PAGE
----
The Chiefs have the No. 1 offense in the NFL and the best player at the most important position in the league. The Colts pass defense hasn’t faced anything like this Chiefs offense, and they’ve struggled to stop lesser ones. Patrick Mahomes should be able to find the seams in the Colts coverages to give Travis Kelce a massive day, and when the safeties start cheating, Tyreek Hill can take the lid off the top of the shell.
There’s rightful worry about the Chiefs defense, particularly against Marlon Mack, Eric Ebron and T.Y. Hilton. Mack can get his behind a stud offensive line, but can be contained with proper gap responsibility and attacking the natural gaps in the Colts power run game. Andrew Luck will dink and dunk and take an occasional deep shot to Hilton with extra blockers in to help. They’ll run scissors concepts and rub routes in the red zone to confuse safeties and get Ebron free for touchdowns.
Both offenses will move the ball, and both have the potential to put up big points against their counterparts. It comes down to which defense can come up with more stops against potent offenses, a situation the Chiefs have found themselves in multiple times this year. The Chiefs *can* get pressure — if not sacks — on Luck, speeding up his internal timer and turning him more inaccurate. Couple that with Luck’s worse road numbers and even worse numbers in open-air/weather, and the Chiefs defense should get the extra stops early to force the Colts to abandon the run to keep up. Colts try to make a game of it late, but Mahomes and the Chiefs offense closes it out to #BreaKtheCycle.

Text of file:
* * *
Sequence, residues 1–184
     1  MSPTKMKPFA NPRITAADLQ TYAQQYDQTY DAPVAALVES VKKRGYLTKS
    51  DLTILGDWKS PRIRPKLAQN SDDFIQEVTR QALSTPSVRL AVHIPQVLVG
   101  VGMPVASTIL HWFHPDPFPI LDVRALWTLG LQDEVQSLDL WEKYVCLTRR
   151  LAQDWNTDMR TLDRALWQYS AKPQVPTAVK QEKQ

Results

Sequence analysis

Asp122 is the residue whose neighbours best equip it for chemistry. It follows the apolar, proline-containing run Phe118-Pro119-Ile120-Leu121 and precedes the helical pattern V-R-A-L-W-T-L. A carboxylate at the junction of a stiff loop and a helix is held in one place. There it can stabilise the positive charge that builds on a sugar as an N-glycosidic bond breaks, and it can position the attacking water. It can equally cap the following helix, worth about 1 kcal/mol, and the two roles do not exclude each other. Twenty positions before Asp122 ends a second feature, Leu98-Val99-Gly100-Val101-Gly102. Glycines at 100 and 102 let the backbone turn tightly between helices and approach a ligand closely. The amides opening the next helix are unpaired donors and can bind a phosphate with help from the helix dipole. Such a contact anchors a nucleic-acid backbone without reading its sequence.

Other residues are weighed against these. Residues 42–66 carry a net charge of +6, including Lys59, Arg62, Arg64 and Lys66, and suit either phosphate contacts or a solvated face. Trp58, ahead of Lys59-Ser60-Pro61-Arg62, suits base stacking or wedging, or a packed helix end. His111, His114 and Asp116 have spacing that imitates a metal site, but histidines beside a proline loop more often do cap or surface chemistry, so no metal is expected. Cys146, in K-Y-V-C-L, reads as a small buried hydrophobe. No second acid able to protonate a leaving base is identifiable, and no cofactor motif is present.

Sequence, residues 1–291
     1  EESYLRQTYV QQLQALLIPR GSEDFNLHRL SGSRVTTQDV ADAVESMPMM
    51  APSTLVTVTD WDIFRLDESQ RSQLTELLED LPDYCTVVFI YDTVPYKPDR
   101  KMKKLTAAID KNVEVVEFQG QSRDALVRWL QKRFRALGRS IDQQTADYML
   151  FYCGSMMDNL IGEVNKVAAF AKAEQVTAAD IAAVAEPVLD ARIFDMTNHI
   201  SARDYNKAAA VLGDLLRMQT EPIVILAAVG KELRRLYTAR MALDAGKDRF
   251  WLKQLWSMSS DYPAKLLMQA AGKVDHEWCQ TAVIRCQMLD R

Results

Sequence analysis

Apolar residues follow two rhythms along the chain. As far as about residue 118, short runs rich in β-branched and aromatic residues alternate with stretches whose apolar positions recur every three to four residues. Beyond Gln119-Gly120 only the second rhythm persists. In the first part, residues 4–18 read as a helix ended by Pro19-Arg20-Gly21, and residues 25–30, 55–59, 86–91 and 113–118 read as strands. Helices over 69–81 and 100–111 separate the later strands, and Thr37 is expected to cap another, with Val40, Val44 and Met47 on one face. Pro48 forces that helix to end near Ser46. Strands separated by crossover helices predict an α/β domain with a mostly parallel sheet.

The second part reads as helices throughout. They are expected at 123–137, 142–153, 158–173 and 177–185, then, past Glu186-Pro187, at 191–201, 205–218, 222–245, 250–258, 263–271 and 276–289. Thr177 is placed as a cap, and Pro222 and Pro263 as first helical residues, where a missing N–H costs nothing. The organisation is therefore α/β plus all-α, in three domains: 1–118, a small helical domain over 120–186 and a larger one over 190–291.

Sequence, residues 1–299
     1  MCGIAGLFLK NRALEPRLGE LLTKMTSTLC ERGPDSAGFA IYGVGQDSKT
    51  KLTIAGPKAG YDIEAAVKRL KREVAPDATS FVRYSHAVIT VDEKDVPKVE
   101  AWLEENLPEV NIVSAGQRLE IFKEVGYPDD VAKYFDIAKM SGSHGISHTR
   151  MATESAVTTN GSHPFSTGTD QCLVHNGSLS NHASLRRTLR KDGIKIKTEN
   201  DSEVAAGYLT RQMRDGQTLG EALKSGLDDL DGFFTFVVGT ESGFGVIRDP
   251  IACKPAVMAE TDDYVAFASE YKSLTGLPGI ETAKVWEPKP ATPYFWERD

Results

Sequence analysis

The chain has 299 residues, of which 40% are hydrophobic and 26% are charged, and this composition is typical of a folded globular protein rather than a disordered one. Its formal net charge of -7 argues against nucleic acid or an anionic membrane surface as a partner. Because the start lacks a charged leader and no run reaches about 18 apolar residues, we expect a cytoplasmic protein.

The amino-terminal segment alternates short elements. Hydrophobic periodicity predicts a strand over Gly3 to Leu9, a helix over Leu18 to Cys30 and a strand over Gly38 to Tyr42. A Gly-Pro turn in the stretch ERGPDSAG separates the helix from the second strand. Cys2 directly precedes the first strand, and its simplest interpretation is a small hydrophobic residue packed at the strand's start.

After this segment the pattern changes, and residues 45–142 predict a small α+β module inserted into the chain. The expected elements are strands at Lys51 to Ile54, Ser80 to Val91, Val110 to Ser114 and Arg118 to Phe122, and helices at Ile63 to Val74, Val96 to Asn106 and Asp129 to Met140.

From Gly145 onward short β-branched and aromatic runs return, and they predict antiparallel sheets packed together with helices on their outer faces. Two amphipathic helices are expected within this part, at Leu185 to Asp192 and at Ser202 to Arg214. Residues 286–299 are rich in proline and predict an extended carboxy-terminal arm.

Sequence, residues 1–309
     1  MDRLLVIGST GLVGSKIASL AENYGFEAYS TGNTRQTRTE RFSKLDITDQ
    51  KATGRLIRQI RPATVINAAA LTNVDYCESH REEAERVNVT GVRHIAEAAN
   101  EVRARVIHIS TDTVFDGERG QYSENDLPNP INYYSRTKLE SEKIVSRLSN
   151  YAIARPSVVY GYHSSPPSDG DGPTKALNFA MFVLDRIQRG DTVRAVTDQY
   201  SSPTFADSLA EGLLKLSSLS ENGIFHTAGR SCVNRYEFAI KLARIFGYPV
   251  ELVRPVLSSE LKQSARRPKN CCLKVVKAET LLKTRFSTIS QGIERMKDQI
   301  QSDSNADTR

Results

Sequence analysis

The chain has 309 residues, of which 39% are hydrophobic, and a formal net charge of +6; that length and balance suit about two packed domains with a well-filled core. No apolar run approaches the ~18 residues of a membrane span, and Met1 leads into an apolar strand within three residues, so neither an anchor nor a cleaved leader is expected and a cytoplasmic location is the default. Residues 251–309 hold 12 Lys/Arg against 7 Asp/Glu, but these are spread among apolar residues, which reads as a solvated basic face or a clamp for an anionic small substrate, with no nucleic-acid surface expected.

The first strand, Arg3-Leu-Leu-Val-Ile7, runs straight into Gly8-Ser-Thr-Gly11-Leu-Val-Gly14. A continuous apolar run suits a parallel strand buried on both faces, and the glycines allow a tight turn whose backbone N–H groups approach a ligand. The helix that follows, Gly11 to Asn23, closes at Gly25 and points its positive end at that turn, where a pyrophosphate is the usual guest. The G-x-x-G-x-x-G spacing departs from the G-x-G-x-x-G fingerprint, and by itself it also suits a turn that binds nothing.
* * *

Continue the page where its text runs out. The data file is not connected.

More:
Kent Swanson, Chiefs 38-24
It’s time, Kansas City.
We’re done letting our past pain dictate our expectations for the future. We have too quick a trigger on anxiety in January. We’re done with that. We’re expecting good things to happen for 60 minutes. We’re cultivating an environment that believes.
Lin Elliott is off the hook on Saturday. The Chiefs are lighting the scoreboard up and the defense is getting a few key stops. Travis Kelce is eating, and Kelvin Benjamin is getting his first touchdown as a Chief. Dee Ford is getting a sack fumble.
Expect it. #breaKtheCycle
Pete Sweeney, Chiefs 31-28